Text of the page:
A Catalog of Political Cartoons by Dr. Seuss.

A collection of Children's Books of the Early Soviet Era was displayed at McGill University in 1998 and is here reproduced online. The Russian children's books of this era are characterized by the most amazing and wonderful graphics.

An exhibit of Frank L. Baum's American Fairy Tale The Wizard of Oz can be found at the website of the Library of Congress.

I have learned to regard fame as a will-o-the-wisp which, when caught, is not worth the possession; but to please a child is a sweet and lovely thing that warms one's heart and brings its own reward.
— L. Frank Baum


The Elizabeth Nesbitt Room at the University of Pittsburgh houses several special collections on the history of children and their books dating from the 1600's to the present.

The American Library Association (ALA) features the home pages of the Caldecott Medal and the Newbery Medal. Complete lists of medal winners and honor books (from 1938 and from 1922 respectively) can be found on the site.

"I, Florence Figg, am a bookman. I dream of a gentle world, peopled with good people and filled with simple and quiet things."
—Ellen Raskin, Figgs & Phantoms (Newbery Honor)


Children's Literature, Chiefly from the Nineteenth Century is the title of an exhibit that was held in the Thomas Cooper Library, University of South Carolina in 1996-97.

One can search for children's books in the Rare Book and Special Collections Division of the Library of Congress.

There's a wealth of information on Wikipedia about children's books and their authors. Begin at The Children's Literature Portal to explore the highways and byways of this vast project.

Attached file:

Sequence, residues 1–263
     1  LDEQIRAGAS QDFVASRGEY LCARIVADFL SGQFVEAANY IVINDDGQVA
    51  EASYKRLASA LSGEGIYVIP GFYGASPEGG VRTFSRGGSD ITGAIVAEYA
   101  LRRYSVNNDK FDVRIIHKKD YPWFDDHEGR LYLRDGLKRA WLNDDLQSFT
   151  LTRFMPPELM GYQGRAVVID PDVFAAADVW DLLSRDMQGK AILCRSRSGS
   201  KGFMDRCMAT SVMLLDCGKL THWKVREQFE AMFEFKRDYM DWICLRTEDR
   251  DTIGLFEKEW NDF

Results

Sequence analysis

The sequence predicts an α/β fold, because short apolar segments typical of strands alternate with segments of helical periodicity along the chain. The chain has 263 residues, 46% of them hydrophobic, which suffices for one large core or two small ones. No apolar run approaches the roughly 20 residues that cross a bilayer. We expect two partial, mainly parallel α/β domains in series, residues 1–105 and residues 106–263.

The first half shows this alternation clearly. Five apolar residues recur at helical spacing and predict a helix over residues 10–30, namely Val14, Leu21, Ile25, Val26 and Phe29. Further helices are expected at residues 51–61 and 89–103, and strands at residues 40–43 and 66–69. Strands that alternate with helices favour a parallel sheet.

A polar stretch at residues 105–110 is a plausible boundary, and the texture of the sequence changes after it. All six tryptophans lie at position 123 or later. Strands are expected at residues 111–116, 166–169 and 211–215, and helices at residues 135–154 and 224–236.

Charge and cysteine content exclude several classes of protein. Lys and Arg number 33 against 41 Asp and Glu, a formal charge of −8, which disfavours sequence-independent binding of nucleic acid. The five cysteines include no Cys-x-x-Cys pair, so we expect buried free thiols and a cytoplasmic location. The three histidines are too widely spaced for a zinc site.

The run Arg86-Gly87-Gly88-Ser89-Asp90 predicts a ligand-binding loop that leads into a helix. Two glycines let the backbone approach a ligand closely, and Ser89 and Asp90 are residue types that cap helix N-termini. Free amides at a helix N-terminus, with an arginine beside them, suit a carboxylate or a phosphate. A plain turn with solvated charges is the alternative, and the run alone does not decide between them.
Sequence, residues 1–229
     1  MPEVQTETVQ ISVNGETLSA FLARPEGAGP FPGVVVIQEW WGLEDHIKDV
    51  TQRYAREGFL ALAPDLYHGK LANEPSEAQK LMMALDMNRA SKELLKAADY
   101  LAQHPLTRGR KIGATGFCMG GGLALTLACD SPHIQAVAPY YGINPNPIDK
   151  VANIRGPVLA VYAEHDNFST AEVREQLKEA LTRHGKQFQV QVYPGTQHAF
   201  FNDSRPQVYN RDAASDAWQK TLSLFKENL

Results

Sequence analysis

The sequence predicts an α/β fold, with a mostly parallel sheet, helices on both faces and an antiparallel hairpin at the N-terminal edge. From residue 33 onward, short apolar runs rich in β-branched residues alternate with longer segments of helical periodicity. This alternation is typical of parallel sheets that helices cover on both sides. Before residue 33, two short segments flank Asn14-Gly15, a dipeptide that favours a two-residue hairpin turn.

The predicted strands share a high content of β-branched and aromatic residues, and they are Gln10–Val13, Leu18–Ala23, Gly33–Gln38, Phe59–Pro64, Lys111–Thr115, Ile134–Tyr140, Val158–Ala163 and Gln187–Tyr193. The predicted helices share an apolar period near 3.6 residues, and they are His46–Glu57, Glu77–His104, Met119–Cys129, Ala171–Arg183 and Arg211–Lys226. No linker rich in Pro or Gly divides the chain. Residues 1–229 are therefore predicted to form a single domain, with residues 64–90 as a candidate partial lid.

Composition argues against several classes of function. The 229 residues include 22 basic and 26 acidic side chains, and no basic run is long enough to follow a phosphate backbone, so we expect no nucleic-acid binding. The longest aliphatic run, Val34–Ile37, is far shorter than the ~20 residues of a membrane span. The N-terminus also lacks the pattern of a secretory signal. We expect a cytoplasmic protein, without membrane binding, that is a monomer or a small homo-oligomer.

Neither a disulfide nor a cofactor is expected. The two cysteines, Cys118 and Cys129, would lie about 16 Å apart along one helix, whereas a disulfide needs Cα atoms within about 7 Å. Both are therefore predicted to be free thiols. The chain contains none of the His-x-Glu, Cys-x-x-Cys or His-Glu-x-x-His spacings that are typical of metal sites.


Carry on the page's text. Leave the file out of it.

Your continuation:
"'I've been at this job for a lifetime,' he said. 'Still, I don't know all about books.'"
—Mr O'Clery in The Bookshop on the Quay by Irish children's book author Patricia Lynch


The University of North Texas Libraries has a fine exhibit on Victorian Bookbinding.

Another excellent digital exhibit for those with an interest in decorative bindings is on the site of the University of Alabama: Publishers' Bindings Online, 1815-1930: The Art of Books.

An interesting online exhibit of gorgeous publishers' bindings from the rare books and special collections of the University of Rochester Libraries: Beauty for Commerce: Publishers' Bindings, 1830-1910.

How long have dustjackets been around, you've sometimes wondered? Ponder no longer - at least since 1832. NYPL has a fascinating collection of the jackets preserved by aesthetically minded librarians in an online exhibit: Dust Jackets from American and European Books, 1926-1947. Definitely worth a look. Click the link at the top of the page on the left which says, "See all Images." Among many other interesting digital collections on the site are: America's First Illustrator: Alexander Anderson and Publisher's Proofs and Related Work from L. Prang & Company. Prang published some wonderful children's books; the firm's chromolithography was outstanding.

For those of us who can't get enough of printed words and images, Wikipedia has a multi-linked treatment of the subject: The History of Printing. Quite a nice overview.

"I still remember the chill that ran through me when he handed me a copy of Absalom Jones and Richard Allen's A Narrative of the Proceedings of the Black People, During the Late Awful Calamity in Philadelphia and said, "This is the actual copy of the Narrative Jones and Allen donated to the Library Company in 1794." Reading about our nation's history is one thing; actually holding it in your hands is something altogether different."
—From the Acknowledgments in An American Plague: The True and Terrifying Story of the Yellow Fever Epidemic of 1793, a Newbery Honor Book by Jim Murphy